Tuesday, March 19, 2013


I've been scratching my eyes out lately trying to reverse engineer some lots of PL/SQL.

One thing I've seen a lot of is calls to dbms_output.put_line. Fortunately, I've seen some dbms_application_info.set_module and other system calls too. But back to that first one.

1. When I used dbms_output, I would typically only use it in development. Once done, I would remove all calls to it, test and promote to QA. It would never survive the trip to production.
2. Typically, when I used it in development, I would tire of typing out d b m s _ o u t p u t . p u t _ l i n e so I would either a, create a standalone procedure or create a private procedure inside the package, something like this (standalone version).
  dbms_output.put_line( p_text );
END p;
Easy. Then, in the code, I would simply use the procedure p all over the place...like this:
  l_start_time date;
  l_end_time date;
  l_start_time := sysdate;
  p( 'l_start_time: ' || l_start_time );

  --do some stuff here
  --maybe add some more calls to p

  l_end_time := sysdate;
  p( 'l_end_time: ' || l_start_time );

Since the procedure is 84 characters long, I only have to use the p function 4 times to get the benefit. Yay for me...I think. Wait, I like typing.


Steve said...

You also forgot to mention that when moving to production, you only need to comment out one line of code and replace with a simple null; (in the P procedure)!

Stew said...

Along these lines, I stole something like this from Steven Feuerstein and created a packaged function debug_log.print(). Then I can turn the output on/off with a call to a package function (debug_log.dbg() or debug_log.nodbg()). It defaults to being turned off.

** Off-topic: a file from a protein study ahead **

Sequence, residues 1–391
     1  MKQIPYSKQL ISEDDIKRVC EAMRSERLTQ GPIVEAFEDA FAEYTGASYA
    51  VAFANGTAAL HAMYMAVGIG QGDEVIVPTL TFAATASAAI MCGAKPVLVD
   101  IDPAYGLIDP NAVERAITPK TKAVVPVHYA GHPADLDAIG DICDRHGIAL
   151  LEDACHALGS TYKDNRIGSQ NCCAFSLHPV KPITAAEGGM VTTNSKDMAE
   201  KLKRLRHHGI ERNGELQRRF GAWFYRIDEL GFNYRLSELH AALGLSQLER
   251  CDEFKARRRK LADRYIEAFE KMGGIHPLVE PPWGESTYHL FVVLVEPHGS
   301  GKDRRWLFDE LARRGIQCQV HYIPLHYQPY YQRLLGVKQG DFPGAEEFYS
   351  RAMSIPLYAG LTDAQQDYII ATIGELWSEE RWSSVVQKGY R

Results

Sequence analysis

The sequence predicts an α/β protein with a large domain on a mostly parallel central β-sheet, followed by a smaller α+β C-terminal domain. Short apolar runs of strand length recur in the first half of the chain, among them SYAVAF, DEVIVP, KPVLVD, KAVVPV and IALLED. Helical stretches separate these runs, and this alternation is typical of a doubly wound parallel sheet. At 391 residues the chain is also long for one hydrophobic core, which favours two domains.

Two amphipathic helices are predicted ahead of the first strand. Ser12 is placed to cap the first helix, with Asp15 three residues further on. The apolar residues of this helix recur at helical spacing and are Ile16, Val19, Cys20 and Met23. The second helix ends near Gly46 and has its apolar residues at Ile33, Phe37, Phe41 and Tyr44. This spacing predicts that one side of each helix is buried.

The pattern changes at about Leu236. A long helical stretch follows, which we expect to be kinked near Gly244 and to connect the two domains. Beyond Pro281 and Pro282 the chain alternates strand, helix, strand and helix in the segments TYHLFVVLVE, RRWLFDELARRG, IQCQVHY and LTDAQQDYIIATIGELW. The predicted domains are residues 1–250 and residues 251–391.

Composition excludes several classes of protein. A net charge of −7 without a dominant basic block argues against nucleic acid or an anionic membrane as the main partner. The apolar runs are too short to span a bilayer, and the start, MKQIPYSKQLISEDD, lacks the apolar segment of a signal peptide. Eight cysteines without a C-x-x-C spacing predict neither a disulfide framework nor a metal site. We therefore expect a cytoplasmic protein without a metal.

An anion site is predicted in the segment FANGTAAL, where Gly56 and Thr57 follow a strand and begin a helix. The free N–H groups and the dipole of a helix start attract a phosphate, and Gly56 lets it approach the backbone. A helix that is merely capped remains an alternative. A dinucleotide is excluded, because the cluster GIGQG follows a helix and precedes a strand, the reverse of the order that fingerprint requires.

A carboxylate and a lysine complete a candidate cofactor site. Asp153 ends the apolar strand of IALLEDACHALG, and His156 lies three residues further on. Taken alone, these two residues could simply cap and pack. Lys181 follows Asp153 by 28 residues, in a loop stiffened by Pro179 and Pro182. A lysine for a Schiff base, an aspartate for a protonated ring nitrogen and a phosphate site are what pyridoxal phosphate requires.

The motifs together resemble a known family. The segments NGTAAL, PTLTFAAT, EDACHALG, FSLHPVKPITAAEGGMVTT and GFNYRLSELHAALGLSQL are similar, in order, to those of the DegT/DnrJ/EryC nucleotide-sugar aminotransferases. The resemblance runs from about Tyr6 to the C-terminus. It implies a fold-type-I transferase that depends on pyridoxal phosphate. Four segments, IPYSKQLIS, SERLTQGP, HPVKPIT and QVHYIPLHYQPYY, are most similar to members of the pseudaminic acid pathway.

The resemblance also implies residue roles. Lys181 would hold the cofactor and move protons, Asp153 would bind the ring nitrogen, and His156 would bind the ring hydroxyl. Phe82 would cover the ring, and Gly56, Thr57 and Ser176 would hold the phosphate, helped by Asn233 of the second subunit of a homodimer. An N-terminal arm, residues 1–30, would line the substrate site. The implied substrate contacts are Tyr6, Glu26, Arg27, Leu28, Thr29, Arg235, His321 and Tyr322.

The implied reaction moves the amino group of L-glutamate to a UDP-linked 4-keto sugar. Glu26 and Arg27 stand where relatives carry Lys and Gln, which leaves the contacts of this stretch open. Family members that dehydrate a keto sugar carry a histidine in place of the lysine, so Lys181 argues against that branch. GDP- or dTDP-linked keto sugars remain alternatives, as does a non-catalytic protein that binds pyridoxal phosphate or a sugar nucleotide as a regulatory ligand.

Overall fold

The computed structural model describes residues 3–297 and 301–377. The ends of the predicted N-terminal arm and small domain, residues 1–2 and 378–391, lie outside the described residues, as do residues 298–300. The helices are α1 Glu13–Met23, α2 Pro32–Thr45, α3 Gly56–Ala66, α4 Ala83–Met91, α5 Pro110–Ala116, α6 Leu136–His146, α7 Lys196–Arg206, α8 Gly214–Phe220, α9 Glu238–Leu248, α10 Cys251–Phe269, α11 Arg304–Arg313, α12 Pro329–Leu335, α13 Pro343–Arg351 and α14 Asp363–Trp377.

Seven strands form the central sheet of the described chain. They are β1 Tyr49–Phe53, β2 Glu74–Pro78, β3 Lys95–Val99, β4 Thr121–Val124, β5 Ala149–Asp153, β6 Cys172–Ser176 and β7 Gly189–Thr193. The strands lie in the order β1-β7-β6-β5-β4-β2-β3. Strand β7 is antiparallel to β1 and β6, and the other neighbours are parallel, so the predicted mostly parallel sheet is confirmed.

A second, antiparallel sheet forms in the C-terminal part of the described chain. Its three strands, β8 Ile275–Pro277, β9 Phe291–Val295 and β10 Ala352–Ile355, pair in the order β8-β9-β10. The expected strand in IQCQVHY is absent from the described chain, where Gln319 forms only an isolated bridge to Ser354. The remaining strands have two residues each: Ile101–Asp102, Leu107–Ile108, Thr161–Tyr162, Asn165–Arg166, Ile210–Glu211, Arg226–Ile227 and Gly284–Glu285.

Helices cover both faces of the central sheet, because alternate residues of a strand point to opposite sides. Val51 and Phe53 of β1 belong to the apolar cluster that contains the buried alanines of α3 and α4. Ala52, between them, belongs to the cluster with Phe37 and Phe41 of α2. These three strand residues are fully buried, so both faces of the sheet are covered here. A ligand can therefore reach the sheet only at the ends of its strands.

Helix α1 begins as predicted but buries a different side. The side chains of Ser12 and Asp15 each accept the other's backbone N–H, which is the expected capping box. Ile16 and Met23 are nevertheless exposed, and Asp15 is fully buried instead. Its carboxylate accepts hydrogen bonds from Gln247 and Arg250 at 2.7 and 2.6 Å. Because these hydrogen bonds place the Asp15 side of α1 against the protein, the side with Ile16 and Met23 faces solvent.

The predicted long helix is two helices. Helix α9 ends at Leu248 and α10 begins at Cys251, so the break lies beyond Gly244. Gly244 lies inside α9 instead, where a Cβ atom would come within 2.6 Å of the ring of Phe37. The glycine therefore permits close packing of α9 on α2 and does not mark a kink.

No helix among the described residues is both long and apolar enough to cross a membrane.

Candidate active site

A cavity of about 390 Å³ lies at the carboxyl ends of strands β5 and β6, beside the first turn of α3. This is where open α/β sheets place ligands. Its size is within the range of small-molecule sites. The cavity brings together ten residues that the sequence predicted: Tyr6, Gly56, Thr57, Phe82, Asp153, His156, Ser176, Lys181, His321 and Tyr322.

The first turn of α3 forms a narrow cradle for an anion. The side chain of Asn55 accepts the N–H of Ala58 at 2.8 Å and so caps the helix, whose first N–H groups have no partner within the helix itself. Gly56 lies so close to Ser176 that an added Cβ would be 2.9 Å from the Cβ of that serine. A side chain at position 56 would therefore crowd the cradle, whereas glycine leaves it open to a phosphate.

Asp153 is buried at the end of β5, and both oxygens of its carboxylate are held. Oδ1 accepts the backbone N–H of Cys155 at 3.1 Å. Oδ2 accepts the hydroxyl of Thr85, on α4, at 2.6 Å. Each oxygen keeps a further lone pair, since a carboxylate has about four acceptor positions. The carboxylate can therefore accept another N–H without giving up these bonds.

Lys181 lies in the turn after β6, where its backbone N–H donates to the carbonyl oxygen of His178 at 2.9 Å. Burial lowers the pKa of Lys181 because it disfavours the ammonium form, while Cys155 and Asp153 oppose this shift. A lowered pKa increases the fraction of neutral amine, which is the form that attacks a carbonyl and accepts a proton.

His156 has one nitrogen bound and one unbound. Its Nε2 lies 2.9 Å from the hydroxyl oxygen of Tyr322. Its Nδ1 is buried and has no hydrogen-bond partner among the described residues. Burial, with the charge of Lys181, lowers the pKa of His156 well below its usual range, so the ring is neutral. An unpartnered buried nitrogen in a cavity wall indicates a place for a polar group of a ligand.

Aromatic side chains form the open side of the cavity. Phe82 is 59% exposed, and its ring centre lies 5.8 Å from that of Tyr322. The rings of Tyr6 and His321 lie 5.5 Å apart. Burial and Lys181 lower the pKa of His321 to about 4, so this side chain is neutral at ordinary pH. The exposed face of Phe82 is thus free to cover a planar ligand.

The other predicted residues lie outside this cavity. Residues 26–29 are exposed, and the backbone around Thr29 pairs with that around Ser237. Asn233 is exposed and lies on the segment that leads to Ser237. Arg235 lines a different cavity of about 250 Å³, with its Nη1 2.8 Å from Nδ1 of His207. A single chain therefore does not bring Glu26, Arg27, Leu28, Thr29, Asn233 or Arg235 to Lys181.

Then in my Oracle IDE of choice (PL/SQL Developer), I created a code template with a shortcut of "pr". To add it to my code, I just type pr, then Ctrl-J and voila! (I'm good at typing but don't like to when I don't need to.)

p.s. It's nice to see you have fans from Zaire! :-)

p.p.s. I have a gallon of this year's Vermont's finest with your name on it in our deep freeze, if your offer is still open???

oraclenerd said...


I've used the packaged variety myself. The past few years though, I haven't done a whole lot of PL/SQL so didn't mention it here. You're right though, lots of good ways to go.

re: p.s.
Zaire! Yeah, the Google/Blogspot spam filters aren't what they used to be. I've probably not turned something on.

re: p.p.s.


Unknown said...

First, stop using standalone procedures. Always use packages from the jump. Actually there isn't a second. (hugs)

Unknown said...

First, stop using standalone procedures. Always use packages from the jump. Actually there isn't a second. (hugs)